From a Committee of the Managers of the Pennsylvania Hospital to Franklin, John Fothergill, and David Barclay3
Minutebook copy: Pennsylvania Hospital, Philadelphia
<Philadelphia, May 3, 1771. When the managers learned from Fothergill that the money allotted to the Hospital from the unclaimed shares of the Pennsylvania Land Company is payable as soon as attorneys are authorized to receive it,4 they convened a meeting of the contributors on April 30 last, which passed a resolution empowering them to issue a letter of attorney to Franklin, Fothergill, and Barclay. They have done so, carefully following the draft that Fothergill sent, so as to be sure of conforming precisely to the requirements of the Bank. The letter, which is enclosed together with a copy of the resolution, has been witnessed by John Allen, Capt. Nathaniel Falconer, and one of his seamen, who will be ready to attest to it.5 The documents are in a small box sent in care of Allen, who has been asked to deliver it to Barclay. The new managers, to be chosen at the annual election a few days hence, will inform them what should be done about selling the stock and transferring the funds.6 Signed by Israel and James Pemberton, John Reynell, Thomas Wharton, and Samuel Rhoads.7>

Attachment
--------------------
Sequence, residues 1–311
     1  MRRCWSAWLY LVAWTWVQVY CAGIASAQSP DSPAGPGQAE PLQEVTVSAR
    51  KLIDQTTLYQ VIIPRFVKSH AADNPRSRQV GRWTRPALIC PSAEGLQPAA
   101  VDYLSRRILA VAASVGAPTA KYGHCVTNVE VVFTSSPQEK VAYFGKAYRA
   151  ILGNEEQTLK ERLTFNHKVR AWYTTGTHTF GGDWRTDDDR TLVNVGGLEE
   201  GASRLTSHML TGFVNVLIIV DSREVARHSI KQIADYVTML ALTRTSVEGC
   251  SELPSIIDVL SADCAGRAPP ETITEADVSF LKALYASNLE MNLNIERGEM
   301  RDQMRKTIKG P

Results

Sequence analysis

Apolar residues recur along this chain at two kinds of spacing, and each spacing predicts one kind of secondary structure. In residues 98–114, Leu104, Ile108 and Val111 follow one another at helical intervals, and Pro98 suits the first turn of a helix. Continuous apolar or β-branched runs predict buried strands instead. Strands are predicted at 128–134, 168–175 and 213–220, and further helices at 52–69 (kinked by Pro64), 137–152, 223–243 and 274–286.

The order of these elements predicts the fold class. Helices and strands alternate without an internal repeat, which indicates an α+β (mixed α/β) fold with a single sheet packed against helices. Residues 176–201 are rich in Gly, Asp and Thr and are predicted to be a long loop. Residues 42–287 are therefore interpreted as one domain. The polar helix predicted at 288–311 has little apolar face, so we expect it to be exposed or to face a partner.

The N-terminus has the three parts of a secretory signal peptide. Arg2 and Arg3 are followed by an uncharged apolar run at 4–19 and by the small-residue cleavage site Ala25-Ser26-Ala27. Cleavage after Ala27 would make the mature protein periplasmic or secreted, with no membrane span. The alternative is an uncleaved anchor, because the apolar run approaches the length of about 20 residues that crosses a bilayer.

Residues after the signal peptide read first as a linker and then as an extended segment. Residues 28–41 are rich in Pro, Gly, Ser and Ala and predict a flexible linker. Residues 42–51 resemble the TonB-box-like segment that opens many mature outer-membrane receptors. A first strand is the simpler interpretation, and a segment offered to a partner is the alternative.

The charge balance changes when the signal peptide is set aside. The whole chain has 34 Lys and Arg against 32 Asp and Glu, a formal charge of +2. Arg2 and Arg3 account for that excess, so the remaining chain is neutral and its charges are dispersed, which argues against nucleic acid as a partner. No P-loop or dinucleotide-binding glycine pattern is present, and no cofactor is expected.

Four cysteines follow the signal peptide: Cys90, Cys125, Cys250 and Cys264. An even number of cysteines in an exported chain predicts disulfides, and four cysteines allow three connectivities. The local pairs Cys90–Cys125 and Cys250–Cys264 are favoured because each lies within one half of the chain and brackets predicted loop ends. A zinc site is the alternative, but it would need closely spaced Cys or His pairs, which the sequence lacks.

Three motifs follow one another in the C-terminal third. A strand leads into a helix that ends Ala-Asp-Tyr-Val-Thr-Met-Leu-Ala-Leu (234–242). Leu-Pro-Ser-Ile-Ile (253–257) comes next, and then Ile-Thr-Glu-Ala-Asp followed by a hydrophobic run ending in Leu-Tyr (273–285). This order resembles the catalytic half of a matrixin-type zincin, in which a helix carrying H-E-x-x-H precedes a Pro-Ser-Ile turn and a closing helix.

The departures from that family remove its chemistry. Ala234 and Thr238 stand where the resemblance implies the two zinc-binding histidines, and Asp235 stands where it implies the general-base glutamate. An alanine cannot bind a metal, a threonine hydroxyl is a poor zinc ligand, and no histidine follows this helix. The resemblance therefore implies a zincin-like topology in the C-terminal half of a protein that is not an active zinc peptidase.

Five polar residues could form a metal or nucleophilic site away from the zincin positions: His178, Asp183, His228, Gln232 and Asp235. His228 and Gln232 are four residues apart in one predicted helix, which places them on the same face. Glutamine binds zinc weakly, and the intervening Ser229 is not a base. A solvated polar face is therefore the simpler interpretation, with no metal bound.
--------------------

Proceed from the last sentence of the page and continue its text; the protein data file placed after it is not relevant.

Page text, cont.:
3. For David Barclay, Jr., one of the founders of what is now Barclays Bank, see above, IX, 190 n.
4. Fothergill headed a group of trustees who, by an act of Parliament passed in 1760, held the unclaimed shares in the Company and deposited the dividends in the Bank of England until June 24, 1770, when the remaining funds were to be paid to the Hospital. See above, XIII, 274 n.
5. John Allen (d. 1778), the son of the Chief Justice, was going to London to study law; he sailed with his sister and brother-in-law, Gov. John Penn. He returned two years later, became a Loyalist during the Revolution, and died just in time to save his estates from confiscation. Charles P. Keith, The Provincial Councillors of Pennsylvania... (Philadelphia, 1883), pt. 2, p. 145; James Allen, “Diary... 1770–1778,” PMHB, IX (1885), 179, 181, 191, 433–4. Capt. Falconer needs no introduction; his seaman is identified in the minutes as Isaac Lea, who may well have been the son of James Lea (1724–98): ibid., LII (1928), 90.
6. The anxiety of the managers, apparent in this letter, about adhering precisely to legal forms grew in their successors, who did not dare to act until they had received assurance that their London agents had succeeded in getting the money. See their letter below, June 3.
7. Wharton and Rhoads have frequently appeared in recent volumes. For the Pemberton brothers see above, V, 424 n, and XIII, 260 n, and for Reynell IX, 372 n.